A former convict detained overnight on suspicion of killing six people in Belgorod refused to speak with investigators Wednesday about the biggest shooting spree in recent memory.
Sergei Pomazun, 32, cited his constitutional right not to incriminate himself for his decision to remain silent, Interfax reported.Pomazun was detained Tuesday night as he tried to flee Belgorod on a freight train, the Interior Ministry said in a statement.
As police sought to detain him, Pomazun put up armed resistance and seriously wounded a 42-year-old officer with a knife, they said in a separate statement. The policeman received four stab wounds, including to the shoulder and face, and was hospitalized in stable condition, Interfax said.
Pomazun is suspected of entering a weapons store in Belgorod, a city of 356,000 just 40 kilometers north of the Ukrainian border, on Monday and opening fire on shop assistants who refused to sell him a firearm, police said. The gunman then exited the store and fired at passersby on the street, presumably to kill possible witnesses. Five died on the spot, including a 14-year-old girl, while a sixth person, a 16-year-old girl, died in the hospital.
Russia has strict gun control laws, and shootings like the one Monday are rare.
Interior Minister Vladimir Kolokoltsev, who took personally control of the investigation after arriving to Belgorod on Tuesday, offered "incentives" to police officers who helped detain Pomazun, the ministry said without elaborating.
Police also offered a 3 million ruble ($95,000) reward for information leading to his arrest.
About 2,000 law enforcement officers from Moscow and the regions of Belgorod, Kursk and Voronezh had mounted a manhunt for Pomazun after he was implicated in one of the worst shooting sprees in recent memory. They were joined by Ukrainian police and scores of volunteers who distributed leaflets with his description.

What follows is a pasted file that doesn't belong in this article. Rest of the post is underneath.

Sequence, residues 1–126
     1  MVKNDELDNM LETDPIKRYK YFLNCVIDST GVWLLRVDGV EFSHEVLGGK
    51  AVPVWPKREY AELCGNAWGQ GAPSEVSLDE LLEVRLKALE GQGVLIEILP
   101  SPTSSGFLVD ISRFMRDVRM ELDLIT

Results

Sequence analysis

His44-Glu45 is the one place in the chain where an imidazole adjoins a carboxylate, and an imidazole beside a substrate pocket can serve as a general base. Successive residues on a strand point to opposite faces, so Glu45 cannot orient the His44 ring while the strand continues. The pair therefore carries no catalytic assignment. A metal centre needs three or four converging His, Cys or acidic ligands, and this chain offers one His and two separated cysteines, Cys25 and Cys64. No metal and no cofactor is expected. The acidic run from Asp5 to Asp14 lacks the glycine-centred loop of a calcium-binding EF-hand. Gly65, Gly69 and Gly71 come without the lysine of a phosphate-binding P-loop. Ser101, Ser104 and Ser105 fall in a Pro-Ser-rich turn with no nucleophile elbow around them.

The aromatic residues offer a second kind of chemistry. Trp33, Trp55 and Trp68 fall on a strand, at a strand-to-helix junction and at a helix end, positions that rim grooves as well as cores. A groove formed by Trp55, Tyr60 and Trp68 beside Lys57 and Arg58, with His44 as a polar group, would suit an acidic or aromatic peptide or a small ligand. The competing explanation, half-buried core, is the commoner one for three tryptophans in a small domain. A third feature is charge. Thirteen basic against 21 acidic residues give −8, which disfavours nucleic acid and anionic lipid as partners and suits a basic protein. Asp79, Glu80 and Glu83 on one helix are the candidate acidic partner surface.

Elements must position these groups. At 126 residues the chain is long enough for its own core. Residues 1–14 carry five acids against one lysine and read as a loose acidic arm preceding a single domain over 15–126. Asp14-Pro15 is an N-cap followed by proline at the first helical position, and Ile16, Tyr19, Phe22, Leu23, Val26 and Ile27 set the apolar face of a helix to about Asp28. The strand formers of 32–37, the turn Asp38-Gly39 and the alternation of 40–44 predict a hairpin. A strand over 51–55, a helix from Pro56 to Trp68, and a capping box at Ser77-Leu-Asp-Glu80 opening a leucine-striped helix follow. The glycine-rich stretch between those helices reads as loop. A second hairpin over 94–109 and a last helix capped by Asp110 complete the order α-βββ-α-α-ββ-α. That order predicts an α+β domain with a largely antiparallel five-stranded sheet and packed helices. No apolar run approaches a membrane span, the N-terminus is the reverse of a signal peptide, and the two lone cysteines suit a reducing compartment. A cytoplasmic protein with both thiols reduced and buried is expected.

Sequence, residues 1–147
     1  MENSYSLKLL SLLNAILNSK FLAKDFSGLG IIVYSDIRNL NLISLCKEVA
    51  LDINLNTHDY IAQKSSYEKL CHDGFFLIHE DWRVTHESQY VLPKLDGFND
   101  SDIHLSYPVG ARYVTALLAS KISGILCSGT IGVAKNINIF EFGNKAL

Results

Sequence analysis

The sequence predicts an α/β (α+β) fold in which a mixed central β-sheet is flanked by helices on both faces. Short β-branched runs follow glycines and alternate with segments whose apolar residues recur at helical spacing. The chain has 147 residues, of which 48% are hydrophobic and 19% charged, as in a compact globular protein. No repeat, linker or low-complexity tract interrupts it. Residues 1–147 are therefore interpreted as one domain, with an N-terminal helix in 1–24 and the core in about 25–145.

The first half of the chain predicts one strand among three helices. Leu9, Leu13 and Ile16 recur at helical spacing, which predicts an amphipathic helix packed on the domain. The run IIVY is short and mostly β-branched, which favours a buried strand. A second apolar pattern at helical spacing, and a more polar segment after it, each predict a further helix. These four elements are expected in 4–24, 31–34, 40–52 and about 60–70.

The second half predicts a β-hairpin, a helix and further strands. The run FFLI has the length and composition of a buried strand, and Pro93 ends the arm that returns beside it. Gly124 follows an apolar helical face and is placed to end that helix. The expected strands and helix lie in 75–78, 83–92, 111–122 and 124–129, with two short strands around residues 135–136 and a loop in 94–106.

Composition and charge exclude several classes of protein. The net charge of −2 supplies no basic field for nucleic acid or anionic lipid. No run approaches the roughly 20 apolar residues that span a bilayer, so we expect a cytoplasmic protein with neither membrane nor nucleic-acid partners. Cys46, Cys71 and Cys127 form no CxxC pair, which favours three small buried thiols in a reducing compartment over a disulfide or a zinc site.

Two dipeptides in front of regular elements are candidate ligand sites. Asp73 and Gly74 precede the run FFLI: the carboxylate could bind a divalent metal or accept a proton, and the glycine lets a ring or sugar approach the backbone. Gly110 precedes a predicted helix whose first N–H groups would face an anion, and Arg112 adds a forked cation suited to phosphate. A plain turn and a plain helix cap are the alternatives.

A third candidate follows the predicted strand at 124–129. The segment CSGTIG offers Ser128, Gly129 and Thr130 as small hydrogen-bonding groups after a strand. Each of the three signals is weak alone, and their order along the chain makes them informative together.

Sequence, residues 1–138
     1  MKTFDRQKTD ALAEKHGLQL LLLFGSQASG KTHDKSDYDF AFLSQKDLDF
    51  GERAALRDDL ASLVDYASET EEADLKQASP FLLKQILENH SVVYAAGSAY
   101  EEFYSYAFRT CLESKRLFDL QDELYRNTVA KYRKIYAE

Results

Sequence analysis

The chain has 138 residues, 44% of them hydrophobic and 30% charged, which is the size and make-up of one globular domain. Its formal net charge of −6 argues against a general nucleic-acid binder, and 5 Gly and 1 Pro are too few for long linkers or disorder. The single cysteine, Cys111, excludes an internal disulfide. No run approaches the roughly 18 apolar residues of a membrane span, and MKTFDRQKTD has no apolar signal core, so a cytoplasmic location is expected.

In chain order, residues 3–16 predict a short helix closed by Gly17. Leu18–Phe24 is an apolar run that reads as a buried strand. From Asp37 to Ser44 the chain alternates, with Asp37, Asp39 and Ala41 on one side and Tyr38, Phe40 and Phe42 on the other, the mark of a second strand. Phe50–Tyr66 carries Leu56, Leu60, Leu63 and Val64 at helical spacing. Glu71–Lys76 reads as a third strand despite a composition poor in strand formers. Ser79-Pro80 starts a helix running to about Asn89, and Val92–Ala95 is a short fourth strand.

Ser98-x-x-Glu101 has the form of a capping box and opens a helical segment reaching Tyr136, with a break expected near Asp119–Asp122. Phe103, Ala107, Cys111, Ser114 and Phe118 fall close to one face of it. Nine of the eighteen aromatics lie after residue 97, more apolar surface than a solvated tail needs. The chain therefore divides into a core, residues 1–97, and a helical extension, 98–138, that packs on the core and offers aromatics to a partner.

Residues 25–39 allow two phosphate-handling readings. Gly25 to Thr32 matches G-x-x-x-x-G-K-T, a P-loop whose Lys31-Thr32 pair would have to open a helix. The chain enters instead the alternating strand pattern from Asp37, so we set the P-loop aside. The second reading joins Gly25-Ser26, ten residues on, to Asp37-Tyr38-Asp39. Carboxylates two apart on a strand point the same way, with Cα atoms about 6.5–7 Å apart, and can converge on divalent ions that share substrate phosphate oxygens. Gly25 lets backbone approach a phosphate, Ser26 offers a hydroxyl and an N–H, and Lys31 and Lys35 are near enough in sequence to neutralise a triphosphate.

A police video showing officers engaged in the massive manhunt for the shooter.
In a sign of the high emotions in Belgorod after Monday's shootings, eyewitnesses who saw Pomazun being detained at the train station shouted to police, ”Let's tear him apart!” according to Interfax.
Pomazun, lying on the ground in handcuffs, told a police officer that he hadn't shot at children but had “fired at hell,” the report said.
He also told police that he had been hiding in a swamp in a forest near the railroad tracks for the past two days.
Pomazun faces up to life in prison on murder charges. He also faces charges of stealing weapons and ammunition, the use of stolen weapons to inflict injury, and assault on a police officer, investigators said in a statement.
Pomazun will undergo a compulsory psychiatric examination, Interfax reported, citing regional investigators. His 55-year-old father has told investigators that his son had been acting aggressively recently and had attacked both of his parents, causing minor injuries.
But investigators believe that Pomazun is mentally fit.
Pomazun was released from prison last year after serving four years for theft and assaulting police, the regional edition of Izvestia reported Tuesday.
Investigative Committee head Alexander Bastrykin laid flowers at the scene of the shootings Wednesday. All six victims were to be buried later in the day.